Saunders is trying to capitalize on Starbucks becoming the "other place" in people's lives where they want to be connected to the Internet. "It's not the office and it's not home," she says. According to Saunders, it's working; Starbucks customers who use the connection spend more time in the store and buy more product than others.

Reluctant to give many metrics, Saunders volunteered, "The average customer using the network is in the store 45 minutes, which exceeds the general average, and 90% of that is outside our peak day part. All of that says there is 'plus' business for us."

Then there's the revenue opportunity from the wireless network subscriptions with T-Mobile, although Saunders declines to go into details.

Starbucks' approach adds value to its core business. It helps differentiate the company. It rewards the customer and meets a need. It enhances the experience. And over time, it has the potential to become a separate, profitable, incremental revenue stream. And isn't that what all of us are seeking in the recession?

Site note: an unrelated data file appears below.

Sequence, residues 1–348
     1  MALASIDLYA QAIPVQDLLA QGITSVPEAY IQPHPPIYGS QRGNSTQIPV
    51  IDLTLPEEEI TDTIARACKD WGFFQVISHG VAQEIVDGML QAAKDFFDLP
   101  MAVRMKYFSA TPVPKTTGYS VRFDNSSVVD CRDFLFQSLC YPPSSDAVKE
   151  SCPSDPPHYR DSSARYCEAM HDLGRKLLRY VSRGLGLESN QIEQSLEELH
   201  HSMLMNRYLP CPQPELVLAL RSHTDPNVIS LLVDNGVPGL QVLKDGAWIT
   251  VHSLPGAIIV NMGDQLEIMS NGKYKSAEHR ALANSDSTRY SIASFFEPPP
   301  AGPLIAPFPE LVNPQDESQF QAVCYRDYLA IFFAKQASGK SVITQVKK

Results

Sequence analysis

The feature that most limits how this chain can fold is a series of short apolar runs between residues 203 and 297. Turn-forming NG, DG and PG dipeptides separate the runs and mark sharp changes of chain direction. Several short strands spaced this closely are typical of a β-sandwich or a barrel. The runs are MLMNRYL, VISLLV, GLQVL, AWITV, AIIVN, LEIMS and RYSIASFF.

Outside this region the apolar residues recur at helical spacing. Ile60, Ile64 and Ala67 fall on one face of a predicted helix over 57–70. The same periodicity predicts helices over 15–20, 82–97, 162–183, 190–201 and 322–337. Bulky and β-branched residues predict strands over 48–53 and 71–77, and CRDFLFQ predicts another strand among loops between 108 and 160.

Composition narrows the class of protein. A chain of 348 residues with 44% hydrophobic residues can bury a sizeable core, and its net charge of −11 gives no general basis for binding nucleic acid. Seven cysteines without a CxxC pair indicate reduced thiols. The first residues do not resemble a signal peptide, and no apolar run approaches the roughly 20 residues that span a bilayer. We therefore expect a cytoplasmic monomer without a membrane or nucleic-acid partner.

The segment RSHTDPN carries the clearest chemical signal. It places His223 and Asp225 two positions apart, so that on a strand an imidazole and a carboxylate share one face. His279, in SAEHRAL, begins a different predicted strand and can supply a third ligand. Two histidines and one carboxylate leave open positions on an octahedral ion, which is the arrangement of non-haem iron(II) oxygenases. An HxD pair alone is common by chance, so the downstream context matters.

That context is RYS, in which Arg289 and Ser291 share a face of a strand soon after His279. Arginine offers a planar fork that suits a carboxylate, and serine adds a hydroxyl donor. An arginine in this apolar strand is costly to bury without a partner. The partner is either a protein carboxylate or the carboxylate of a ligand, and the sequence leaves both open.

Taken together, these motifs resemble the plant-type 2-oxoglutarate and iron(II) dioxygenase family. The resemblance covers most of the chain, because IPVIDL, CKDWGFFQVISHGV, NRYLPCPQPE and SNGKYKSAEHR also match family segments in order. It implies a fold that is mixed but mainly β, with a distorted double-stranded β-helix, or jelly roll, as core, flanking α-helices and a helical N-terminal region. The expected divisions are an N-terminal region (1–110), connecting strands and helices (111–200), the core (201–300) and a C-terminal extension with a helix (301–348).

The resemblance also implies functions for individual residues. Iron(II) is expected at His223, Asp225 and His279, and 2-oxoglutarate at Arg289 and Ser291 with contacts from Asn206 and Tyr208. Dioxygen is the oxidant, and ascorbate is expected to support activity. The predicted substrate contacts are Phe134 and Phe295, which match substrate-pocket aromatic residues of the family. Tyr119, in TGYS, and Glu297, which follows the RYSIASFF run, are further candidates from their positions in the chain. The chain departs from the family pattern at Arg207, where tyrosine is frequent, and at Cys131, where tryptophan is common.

How and who?
Still, there were some obstacles and difficult decisions --- what technology to use and which partners to select, to name just two.

"A row of monitors and desktop computers isn't conducive to the kind of environment we want to have at Starbucks," Saunders says. So Starbucks is betting heavily on WiFi -- the wireless fidelity standard that acts as a high-frequency wireless local access network -- to build out its networking capability. That is, instead of the Internet coffeehouse, Starbucks has become an enabler, or a platform, as tech marketers like to say. You can connect your laptop or wireless Internet device at their store. If your PC isn't enabled for wireless, they'll point you to a Hewlett-Packard Internet site where you can get the necessary hardware and software (including some free downloads). And they'll help you get connected through a monthly wireless Internet access account from T-Mobile costing $ 29.99 for a local account and $ 49.99 for national access in the United States.